01 July 2005

Renewable Red Herrings

One of the great dangers environmentalism faces in reaching for technological solutions to existing pollution problems is that they've got it wrong. Let's face it, environmentalists tend not to do the math. When environmentalists overreach or exaggerate, they damage the credibility of the green movement as a whole.

In the current landscape, megatonnes of Carbon Dioxide have become the conscience of environmentalism, with leaders like Tony Blair championing the danger of climate change while the US administration hires Exxon to redact its scientific reports on the subject. One of the possible solutions to the consumption of carbon fuels put forth by environmentalists is the development of renewable energy: solar (specifically photovoltaic), wind, biomass, and reservoir hydro.

Of these technologies, the only proven one is hydro-electric dams... Wind has made strides in installed capacity, but its volatile power output make it a liability to the grid. It is cost effective when the wind is blowing, but the fickleness of mother nature puts an excessive stress on gas-fired load-following plants and voltage regulation. Currently the fate of wind hangs in the balance. With increased decentralization, better coupling to strong load-following power providers like hydro, and the introduction of utility-scale electrify storage like flow batteries, it will be able to provide a significant reduction in CO2 emissions.

That leaves photovoltaic and biomass as underdeployed, but potentially promising solutions. Unfortunately, I believe both of these technologies will be failures over the next 25 years.

Photovoltaic cells are energy intensive to manufacture. Optimistically, the energy return ratio of PV cells is about 20:1. This means that for every Joule used in the manufacturing process, the solar cell will only return twenty times that over the lifetime of the cell. Of course, most cells aren't installed in an ideal clearness index climate, oriented to the sun. Installations on home roofs are usually installed at the wrong angle, and may not be south facing. A ratio of 10:1 is more common in the literature. Compared to wind at 40:1 and hydro at 100:1 , PV is not economically feasible.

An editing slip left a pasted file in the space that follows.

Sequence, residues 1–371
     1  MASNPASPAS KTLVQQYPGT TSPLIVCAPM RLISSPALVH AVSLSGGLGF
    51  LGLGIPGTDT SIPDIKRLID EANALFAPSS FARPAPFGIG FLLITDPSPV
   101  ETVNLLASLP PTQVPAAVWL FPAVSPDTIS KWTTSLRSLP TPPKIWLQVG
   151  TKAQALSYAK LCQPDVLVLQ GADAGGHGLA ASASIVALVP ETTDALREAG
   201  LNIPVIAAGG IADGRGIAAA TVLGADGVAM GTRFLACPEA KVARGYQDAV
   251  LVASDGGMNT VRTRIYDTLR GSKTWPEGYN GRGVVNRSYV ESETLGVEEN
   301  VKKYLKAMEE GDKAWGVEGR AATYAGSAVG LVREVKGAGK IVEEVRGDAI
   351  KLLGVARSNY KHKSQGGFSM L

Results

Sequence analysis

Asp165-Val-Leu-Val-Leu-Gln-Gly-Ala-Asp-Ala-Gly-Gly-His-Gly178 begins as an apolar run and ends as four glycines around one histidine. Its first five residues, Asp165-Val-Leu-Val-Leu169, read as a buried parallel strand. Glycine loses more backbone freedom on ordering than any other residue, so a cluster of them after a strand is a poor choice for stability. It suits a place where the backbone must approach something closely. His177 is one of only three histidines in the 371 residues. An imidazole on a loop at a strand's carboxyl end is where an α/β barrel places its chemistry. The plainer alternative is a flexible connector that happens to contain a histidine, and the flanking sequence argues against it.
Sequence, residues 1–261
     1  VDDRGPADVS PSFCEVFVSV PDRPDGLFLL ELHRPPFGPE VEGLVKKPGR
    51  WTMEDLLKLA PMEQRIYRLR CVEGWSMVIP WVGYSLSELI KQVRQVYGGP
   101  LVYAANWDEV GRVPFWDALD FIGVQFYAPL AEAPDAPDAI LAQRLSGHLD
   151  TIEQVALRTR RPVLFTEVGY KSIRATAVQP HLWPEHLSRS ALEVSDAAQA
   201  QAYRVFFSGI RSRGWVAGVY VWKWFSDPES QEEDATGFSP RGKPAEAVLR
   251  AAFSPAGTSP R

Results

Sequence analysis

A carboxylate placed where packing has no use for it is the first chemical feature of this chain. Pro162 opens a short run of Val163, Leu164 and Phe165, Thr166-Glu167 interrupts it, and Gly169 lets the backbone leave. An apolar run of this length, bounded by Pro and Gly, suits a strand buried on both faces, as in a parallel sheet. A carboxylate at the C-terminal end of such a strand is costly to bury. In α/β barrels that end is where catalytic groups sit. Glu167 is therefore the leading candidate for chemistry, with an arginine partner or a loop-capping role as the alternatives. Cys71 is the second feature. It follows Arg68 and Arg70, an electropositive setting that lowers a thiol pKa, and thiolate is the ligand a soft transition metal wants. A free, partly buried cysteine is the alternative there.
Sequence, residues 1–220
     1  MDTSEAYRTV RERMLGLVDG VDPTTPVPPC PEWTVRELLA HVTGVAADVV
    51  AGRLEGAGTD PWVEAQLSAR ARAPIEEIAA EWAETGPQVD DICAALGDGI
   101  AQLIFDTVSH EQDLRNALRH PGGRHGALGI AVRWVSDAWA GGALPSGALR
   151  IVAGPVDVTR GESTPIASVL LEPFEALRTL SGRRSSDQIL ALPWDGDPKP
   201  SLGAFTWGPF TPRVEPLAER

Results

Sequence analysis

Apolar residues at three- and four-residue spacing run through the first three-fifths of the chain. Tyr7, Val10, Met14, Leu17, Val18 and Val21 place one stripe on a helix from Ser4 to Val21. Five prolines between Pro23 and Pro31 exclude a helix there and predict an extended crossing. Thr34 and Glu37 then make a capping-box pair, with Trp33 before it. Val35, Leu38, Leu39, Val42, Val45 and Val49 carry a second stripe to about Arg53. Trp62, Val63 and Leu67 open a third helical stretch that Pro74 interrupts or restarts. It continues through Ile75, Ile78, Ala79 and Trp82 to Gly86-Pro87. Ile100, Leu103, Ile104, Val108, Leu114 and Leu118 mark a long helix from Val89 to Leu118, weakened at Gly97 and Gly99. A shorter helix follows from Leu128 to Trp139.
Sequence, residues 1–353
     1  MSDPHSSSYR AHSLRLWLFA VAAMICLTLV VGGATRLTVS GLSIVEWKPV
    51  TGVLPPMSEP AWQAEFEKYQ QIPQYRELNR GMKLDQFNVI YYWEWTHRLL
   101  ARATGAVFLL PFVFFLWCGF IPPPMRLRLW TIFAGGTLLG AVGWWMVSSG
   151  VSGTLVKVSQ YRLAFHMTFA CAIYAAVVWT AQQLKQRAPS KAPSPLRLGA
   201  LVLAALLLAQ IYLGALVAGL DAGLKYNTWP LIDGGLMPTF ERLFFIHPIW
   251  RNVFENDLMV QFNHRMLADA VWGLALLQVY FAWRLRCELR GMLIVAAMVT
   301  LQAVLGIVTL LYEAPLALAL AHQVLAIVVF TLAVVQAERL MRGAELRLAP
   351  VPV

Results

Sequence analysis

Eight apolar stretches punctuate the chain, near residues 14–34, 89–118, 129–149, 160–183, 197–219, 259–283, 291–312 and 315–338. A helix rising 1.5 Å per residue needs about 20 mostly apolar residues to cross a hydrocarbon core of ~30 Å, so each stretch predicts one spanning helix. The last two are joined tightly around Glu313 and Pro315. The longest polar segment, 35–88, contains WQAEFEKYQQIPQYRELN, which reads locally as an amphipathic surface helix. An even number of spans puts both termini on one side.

Furthermore, all current PV production is done using silicon recycled from the microchip industry. This reduces the material cost of photovoltaic manufacturing. The current prices of solar electric cells, expensive as they are, are not sustainable if demand increases substantially.

While decentralization has its advantages, I think solar has picked the wrong method for gathering power. Photovoltaic, realistically, should stay off the grid for the time being. Centralized concentrated solar-thermal collectors seem to have much greater potential for providing peaking power to the grid. However, it should be noted, concentrated solar performs poorly in the diffuse lighting conditions of overcast skies. Concentrated solar, like wind, often requires the installation of expensive transmission lines to bring power from the boondocks to urban areas.

Biomass is a net zero carbon emitter, since plants consume CO2 from the atmosphere and then we later burn them to liberate energy. Compared to other renewables, biomass is storable and portable. As such, it can be used for transportation.

Unfortunately, photosynthesis is an inefficient solar cell. The amount of arable land necessary requires a lot of energy to fertilize, plant, irrigate, and harvest. The energy return of ethanol is terrible, typically around 1.1:1 if it is even positive. Turning over huge tracts of land for biodiesel and ethanol production will have to come out of land being used for food production. While the world is currently feeding itself, we can't do both food and biomass production at the same time.

PV subsidies in Germany and California, along with ethanol and biodiesel subsidies in America and Europe are essentially cases of government picking the winners. Given the historical success rate of government investment in technologies.

1 comment:

Unknown said...

The energy in to energy out ratio of a specific technology is just one of a few important considerations in evaluating a technology. PV may not be energy dense but it is reliable, low maintenance, requires zero energy inputs, operates remotely or on the grid, to name just a few benefits. To dismiss it as not feasible only based on an energy ratio misses the larger point. PV has good applications just as hydro and wind do as well. None of them work everywhere but our current electricity sources (coal, nukes, natural gas) don't really work anywhere in the long run.